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Wednesday, 11 April 2012

Diary Entry - 9th April, 1917

Walford: On returning from our walk the previous evening, we found Cruikshanks waiting for us at the Mess saying he had walked down from the guns to reconnoitre a road for ammunition, as we were to be forbidden use of the main road that night. So I went up, mounted, with him to see the track he had reconnoitred and found that we should be able to use the road after midnight. On going back, had dinner then set out with Murdoch for the ammunition dump to pick up 10 ammunition wagons, which were taking up pills[?] for us. It was almost one p.m before we got clear and we had a clear road until we came out of St Eloy where there was a block of motor lorries. Half an hour saw us through that, but we met with a jam soon after getting onto the sleeper track. Well, we remained here till about four a.m, owing to a 60-pounder battery calmly sitting on the track while they got each individual gun into its pit and a Canadian water cart got one wheel off the track and into a trench, where it stuck. After we had disposed of the water cart by turning it over, all was clear and we reached the battery at four forty-five a.m. (the barrage and attack being timed for five thirty a.m). It soon commenced to rain and it was a good half hour before we started down the new track for home. The officer from the DAC was an awful fool as he would not make up his mind whether to see all wagons clear of the position or not. I got fed up and made good speed for the WL. One had a good view of our barrage riding towards Villers-au-Bois which looked very terrifying as the whole horizon was a mass of mud spouts showing where the shells were doing their work. On arrival at the WL, I unsaddled Tommie (the horse) and went straight to bed - by this time the rain was falling very heavily. I slept till twelve fifty and, after lunch, walked over to see Sanger, eventually bringing him back to dinner. Towards evening periodic snow storms blew up, making life very unpleasant.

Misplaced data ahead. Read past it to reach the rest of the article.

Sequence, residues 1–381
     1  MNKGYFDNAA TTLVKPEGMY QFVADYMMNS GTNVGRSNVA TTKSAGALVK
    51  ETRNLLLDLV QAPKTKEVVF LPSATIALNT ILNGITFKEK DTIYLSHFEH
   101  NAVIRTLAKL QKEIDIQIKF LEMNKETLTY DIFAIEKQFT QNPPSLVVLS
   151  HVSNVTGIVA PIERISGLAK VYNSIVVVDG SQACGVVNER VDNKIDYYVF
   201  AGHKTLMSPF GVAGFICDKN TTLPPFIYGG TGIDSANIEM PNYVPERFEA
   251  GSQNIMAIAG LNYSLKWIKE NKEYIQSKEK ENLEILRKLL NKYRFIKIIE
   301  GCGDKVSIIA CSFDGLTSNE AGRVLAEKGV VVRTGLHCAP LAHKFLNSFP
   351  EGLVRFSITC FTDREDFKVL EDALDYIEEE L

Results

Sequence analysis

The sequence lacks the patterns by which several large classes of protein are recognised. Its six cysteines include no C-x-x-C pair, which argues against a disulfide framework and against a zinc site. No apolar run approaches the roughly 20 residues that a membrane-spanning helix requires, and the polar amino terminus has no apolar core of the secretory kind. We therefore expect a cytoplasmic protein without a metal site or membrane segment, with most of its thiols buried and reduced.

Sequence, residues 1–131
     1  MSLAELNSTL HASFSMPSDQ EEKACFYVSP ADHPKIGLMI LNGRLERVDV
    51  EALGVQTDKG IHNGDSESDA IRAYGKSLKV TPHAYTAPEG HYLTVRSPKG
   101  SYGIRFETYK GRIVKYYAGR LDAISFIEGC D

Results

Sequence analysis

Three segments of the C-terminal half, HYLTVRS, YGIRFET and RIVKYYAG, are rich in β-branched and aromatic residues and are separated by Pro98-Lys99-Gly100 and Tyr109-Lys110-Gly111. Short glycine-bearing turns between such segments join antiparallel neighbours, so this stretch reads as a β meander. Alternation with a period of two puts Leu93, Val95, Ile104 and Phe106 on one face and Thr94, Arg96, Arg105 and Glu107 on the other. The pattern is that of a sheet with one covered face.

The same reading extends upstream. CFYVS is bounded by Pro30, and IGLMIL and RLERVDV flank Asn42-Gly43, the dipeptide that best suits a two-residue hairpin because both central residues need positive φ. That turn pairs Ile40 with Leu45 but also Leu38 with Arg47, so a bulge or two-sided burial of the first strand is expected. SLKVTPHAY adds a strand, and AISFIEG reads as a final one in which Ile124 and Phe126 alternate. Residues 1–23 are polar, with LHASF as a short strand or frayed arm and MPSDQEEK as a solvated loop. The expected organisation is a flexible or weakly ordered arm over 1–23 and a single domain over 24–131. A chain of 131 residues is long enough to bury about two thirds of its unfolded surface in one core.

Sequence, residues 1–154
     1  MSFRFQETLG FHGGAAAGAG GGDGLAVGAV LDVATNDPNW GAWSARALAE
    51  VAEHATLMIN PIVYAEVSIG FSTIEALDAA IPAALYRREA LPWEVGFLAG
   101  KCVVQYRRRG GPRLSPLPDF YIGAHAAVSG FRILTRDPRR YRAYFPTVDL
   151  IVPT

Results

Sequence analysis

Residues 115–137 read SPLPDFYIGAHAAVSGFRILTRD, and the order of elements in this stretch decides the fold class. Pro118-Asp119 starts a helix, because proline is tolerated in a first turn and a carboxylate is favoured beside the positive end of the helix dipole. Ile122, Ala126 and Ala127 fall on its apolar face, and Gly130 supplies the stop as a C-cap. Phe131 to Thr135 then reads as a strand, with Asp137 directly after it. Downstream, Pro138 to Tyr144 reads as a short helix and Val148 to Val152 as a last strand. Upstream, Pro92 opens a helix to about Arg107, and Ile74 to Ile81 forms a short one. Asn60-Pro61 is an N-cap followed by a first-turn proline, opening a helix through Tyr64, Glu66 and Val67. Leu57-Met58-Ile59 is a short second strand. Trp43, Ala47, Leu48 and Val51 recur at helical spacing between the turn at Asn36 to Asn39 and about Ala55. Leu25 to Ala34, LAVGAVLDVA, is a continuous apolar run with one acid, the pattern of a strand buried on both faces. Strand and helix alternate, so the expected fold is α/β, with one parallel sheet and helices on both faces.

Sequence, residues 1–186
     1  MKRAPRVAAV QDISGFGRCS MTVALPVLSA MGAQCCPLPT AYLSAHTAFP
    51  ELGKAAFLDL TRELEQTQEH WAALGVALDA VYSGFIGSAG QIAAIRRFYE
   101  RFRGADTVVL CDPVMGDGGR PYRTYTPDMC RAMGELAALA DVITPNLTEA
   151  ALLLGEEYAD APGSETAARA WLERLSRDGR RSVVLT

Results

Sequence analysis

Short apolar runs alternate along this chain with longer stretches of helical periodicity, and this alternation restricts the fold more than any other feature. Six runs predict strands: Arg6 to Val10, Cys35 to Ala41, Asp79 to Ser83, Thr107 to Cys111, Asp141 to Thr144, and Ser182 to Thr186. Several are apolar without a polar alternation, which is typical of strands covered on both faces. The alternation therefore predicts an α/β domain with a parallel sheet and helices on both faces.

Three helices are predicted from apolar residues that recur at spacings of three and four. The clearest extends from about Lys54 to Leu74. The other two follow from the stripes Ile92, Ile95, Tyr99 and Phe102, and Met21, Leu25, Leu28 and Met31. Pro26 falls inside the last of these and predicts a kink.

Bee: The day of the Vimy Push. We were out at four a.m. The place (tunnel) was blocked with gunners. We were well up and near the opening. Our job was to go out an hour after zero. But the batch of snipers and machine gunners kept us down. The Brigade of foot in front of us made a mess of things. Runlor says that a six-inch smoke shell of ours fell to give them cover until they got over, but they got the wind up and thought it was gas and stopped in their own front line and, of course, the people on the right advanced too fast for them. Their snipers played the devil all day and held the left up. Besides this, they kept shooting our wounded. Hun could see them quite plainly and Armytage had a shot at them with his revolver, but they were too long a range. Then we got a corporal with a rifle who showed great determination but only had an ordinary sight. After half an hour's shooting, another Hun we did not see got our corporal right through the head, through his steel helmet. Armytage was very lucky as this corporal was next to him. At twelve noon they sent out a bombing party to take these snipers and it took them until four p.m. to accomplish this and they finally captured 20 Huns. But they kept us from doing our job very successfully. I got back to the Battery at eight p.m after a very tedious day. And glad to get back where people who were not continuously passing you. This show was on a 30-mile front and, from information, was very successful. Ten thousand prisoners taken.

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